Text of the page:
Global Markets

GDP of African Countries Projected to Grow by 3.4 % in 2024

The latest Africa’s Pulse report from the World Bank highlights that an economic rebound in Sub-Saharan Africa is being supported by increased private consumption and declining inflation. However, the recovery remains fragile due to various factors such as uncertain global economic conditions, growing debt service obligations, frequent natural disasters, and escalating conflict and violence. To sustain long-term growth and effectively reduce poverty, transformative policies are necessary to address deep-rooted inequality.

According to the report, GDP growth is projected to rebound in 2024, with an increase from 2.6 percent in 2023 to 3.4 percent in 2024, and further to 3.8 percent in 2025. However, this recovery is still uncertain. Although inflation is cooling in most economies, it remains high compared to pre-COVID-19 pandemic levels, falling from a median of 7.1 to 5.1 percent in 2024. Additionally, while the growth of public debt is slowing down, more than half of African governments are facing external liquidity problems and unsustainable debt burdens.

Overall, the report emphasizes that despite the projected growth, the pace of economic expansion in the region is still below the growth rate of the previous decade (2000-2014) and is insufficient to significantly reduce poverty. Moreover, due to factors like structural inequality, economic growth has a lesser impact on poverty reduction in Sub-Saharan Africa compared to other regions.

Andrew Dabalen, World Bank Chief Economist for Africa, stated that “Per capita GDP growth of 1 percent is associated with a reduction in the extreme poverty rate of only about 1 percent in the region, compared to 2.5 percent on average in the rest of the world.” He further emphasized that faster poverty reduction cannot be achieved through fiscal policy alone in a context of constrained government budgets. It requires policies that enhance the productive capacity of the private sector to generate more and better job opportunities for all segments of society.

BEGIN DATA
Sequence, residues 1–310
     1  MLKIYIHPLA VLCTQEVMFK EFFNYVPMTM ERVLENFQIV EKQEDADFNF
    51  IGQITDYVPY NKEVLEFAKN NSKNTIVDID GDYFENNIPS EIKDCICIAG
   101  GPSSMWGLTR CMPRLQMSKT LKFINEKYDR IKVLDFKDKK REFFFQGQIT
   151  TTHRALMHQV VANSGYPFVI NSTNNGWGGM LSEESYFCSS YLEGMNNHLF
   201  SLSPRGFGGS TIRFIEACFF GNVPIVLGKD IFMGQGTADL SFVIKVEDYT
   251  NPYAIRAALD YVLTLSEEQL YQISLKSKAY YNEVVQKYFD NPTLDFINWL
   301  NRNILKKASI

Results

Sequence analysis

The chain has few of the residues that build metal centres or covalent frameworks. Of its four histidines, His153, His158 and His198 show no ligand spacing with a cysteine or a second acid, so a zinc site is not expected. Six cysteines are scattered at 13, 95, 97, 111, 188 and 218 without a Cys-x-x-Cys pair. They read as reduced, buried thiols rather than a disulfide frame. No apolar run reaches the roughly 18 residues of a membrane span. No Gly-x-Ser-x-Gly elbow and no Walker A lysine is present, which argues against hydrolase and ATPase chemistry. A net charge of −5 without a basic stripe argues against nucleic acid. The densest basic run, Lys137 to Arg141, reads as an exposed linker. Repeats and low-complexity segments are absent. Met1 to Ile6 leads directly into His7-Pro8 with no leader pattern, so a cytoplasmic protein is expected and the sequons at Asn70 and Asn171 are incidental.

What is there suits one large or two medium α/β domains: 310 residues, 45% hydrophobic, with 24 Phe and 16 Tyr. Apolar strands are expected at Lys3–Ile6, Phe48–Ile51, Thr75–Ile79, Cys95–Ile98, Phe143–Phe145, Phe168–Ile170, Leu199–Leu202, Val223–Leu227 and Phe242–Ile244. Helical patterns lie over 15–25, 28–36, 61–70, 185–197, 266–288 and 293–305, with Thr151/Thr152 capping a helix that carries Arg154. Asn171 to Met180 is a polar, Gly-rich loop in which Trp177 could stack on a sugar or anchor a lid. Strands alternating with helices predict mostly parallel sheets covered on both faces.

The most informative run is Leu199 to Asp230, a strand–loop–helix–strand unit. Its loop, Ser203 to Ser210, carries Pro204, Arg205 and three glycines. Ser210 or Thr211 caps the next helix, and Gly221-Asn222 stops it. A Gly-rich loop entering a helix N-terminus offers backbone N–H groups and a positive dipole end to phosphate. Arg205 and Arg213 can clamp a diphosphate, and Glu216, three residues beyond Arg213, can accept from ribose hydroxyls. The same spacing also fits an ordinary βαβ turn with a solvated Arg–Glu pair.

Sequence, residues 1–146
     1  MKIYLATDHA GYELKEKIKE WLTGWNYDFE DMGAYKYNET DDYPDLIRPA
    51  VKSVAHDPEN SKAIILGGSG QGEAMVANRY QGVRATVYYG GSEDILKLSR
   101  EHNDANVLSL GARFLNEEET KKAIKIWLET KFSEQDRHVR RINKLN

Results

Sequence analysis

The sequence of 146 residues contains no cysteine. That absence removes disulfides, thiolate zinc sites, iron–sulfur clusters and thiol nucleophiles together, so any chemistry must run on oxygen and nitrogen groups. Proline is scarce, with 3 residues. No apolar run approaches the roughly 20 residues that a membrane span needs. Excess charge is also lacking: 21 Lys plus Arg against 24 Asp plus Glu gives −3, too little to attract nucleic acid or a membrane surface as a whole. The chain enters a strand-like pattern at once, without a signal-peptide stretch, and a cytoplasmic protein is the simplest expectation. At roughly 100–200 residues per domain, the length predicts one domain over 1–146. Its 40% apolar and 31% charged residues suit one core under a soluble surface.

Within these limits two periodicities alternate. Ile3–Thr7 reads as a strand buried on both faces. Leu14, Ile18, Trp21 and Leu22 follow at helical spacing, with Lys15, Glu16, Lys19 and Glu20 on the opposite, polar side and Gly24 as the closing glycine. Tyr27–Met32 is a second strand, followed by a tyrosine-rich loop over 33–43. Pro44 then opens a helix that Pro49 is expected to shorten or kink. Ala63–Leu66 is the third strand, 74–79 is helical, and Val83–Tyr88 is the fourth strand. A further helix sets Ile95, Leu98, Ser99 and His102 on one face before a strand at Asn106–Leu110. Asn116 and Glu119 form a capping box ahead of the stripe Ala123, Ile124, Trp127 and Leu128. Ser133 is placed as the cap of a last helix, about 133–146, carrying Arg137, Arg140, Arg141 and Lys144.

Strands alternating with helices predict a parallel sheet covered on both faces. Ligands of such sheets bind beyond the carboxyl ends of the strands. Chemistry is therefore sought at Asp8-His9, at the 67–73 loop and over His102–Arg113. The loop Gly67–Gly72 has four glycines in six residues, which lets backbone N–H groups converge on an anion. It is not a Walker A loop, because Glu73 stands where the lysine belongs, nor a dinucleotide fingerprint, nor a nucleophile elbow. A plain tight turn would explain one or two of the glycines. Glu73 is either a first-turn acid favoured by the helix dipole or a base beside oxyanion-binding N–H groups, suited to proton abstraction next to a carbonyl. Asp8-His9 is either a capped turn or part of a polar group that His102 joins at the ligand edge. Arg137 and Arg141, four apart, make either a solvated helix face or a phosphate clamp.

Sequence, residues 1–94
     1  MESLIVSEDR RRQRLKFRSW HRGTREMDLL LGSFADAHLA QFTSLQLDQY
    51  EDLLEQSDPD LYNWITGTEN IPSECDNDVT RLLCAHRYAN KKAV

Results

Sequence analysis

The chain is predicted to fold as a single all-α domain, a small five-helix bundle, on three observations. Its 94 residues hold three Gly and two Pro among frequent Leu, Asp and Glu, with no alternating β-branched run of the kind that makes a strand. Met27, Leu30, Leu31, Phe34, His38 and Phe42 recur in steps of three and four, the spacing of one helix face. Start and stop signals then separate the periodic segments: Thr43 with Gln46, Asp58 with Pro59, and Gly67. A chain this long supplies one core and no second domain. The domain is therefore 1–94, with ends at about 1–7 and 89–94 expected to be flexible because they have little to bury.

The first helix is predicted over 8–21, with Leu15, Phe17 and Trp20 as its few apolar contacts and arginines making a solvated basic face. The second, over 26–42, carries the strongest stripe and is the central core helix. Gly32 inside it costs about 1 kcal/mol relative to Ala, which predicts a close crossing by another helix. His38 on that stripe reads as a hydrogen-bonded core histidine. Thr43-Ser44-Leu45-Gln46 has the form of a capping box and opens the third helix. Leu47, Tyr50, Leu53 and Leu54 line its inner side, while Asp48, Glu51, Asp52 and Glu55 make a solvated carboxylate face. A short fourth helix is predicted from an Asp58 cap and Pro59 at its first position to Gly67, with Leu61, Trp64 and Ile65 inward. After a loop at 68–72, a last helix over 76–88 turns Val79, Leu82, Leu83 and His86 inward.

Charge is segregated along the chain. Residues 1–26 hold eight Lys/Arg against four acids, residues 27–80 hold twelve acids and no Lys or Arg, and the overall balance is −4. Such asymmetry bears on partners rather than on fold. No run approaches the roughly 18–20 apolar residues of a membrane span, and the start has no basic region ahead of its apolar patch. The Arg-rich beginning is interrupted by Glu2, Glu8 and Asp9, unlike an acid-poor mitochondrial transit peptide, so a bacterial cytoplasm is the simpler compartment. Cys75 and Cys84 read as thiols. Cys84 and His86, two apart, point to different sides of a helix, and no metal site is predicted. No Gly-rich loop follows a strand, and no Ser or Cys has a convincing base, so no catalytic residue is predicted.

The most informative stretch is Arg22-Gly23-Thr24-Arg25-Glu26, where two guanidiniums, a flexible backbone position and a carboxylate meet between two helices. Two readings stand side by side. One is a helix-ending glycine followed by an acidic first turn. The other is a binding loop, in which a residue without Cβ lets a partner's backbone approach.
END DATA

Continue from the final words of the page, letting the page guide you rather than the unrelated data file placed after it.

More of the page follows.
The report emphasizes that African governments are facing a decrease in external resources to meet their financing needs, and the available resources are now more expensive compared to pre-pandemic times. Economic activity is being weighed down by political instability and geopolitical tensions, which may limit access to food for approximately 105 million people at risk of food insecurity due to conflict and climate shocks. To address these challenges, African governments need to take policy actions to build buffers and protect their fiscal positions from global economic disruptions.

Furthermore, Sub-Saharan Africa continues to have one of the highest levels of inequality in the world, second only to the Latin America and Caribbean region, as measured by the average Gini coefficient. Despite recent improvements, access to basic services like education and healthcare remains highly unequal. Disparities also exist in access to markets and income-generating opportunities, regardless of individuals’ skills. The impact of taxes and poorly targeted subsidies on the poor is also significant.

Gabriela Inchauste, co-author of an upcoming World Bank report on addressing inequality in Sub-Saharan Africa, states that inequality in Africa is primarily influenced by the circumstances of a person’s birth and further exacerbated by barriers to productive participation in markets and regressive fiscal policies. Identifying and addressing these structural constraints across the economy is crucial for a more prosperous future.

Africa’s Pulse recommends several policy actions to promote stronger and more equitable growth. These actions include restoring macroeconomic stability, facilitating inter-generational mobility, enhancing market access, and ensuring that fiscal policies do not disproportionately burden the poor.

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